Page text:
Ready for some baggy-pants antics from a couple of first-class clowns delivered in hysterical sounds of silence? Then you are ready for Bill Irwin and David Shiner opening this week in American Conservatory Theater’s presentation of “Old Hats.”
The pair first worked together on a Western starring River Phoenix. Irwin’s character was called Comic, Shiner was Straight Man. “We were working out some routines for that movie and kind of hit it off professionally,” Shiner says. “Our stuff was really, seemed effortless.”
“I didn’t know what to make of the movie,” Irwin jokes, “but we kind of threw stuff together and it made sense. It embryonically fell together there, in Roswell, New Mexico,” he adds with a mock sinister smile.
“Old Hats” is an erstwhile successor to “Fool Moon,” a collaboration that garnered the pair a Tony Award in 1993 for unique theatrical experience and had sold-out runs at San Francisco’s Geary Theater in 1998 and 2001.
Both actors have enjoyed individual successes. Shiner made an early mark with Cirque du Soleil and works regularly in Europe. Irwin received another Tony for “Who’s Afraid of Virginia Woolf?” opposite Kathleen Turner and raised hackles as “CSI” serial killer Nate Haskell. Both also spent time in Broadway musicals but, given their druthers, prefer to just clown around.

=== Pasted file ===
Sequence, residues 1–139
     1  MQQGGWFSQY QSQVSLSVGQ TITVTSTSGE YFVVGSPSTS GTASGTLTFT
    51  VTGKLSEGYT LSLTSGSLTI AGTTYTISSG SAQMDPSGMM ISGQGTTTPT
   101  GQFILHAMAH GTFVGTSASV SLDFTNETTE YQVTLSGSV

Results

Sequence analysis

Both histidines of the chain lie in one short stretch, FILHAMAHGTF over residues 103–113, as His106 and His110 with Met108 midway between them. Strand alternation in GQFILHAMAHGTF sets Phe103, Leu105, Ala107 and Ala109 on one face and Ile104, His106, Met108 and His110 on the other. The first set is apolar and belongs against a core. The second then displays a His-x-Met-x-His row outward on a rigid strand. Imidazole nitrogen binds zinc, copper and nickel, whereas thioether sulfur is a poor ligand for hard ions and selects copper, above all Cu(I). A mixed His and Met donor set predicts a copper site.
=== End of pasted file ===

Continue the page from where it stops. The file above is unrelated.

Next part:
In its New York incarnation, “Old Hats” got a new-kid jolt from the presence of singer-songwriter Nellie McKay, who wrote and performed songs for the piece and alternately served as a comic foil or object of competing clown affection. For the San Francisco edition, even younger up-and-comer Shaina Taub fills the femme tap shoes.
A songwriting singer-actor, Taub won raves Off-Broadway for “Natasha, Pierre & The Great Comet of 1812” and is working on the scores for two new musicals.
“David, go to the wings. Watch and learn,” says Irwin, quoting an ad-libbing, in-character Taub at a recent rehearsal. “Never seen anybody quite stun you like that,” he needles Shiner, who offers a “What can I do?” shrug and smile.
“You’re gonna hear a lot of buzz about her,” Shiner enthuses. “You’re gonna hear a lot of Sophie Tucker kinda belting, too!”
Tying all the elements of magic, slapstick and vaudeville together is director Tina Landau, whose résumé includes directing on Broadway, playwriting and crafting the books to the musicals “Floyd Collins” and “Dream True.”
At the core of it all, Irwin says, is “our love for the art of the clown, which still gets us excited, even in deep, deep middle age!”
IF YOU GO
Where: American Conservatory Theater, 415 Geary St., S.F.
When: 8 p.m. most Tuesdays, Thursdays-Fridays, 2 and 8 p.m. Wednesdays and Saturdays, 2 p.m. Sundays; closes Oct. 5
Tickets: $20 to $120
Contact: (415) 749-2228, www.act-sf.org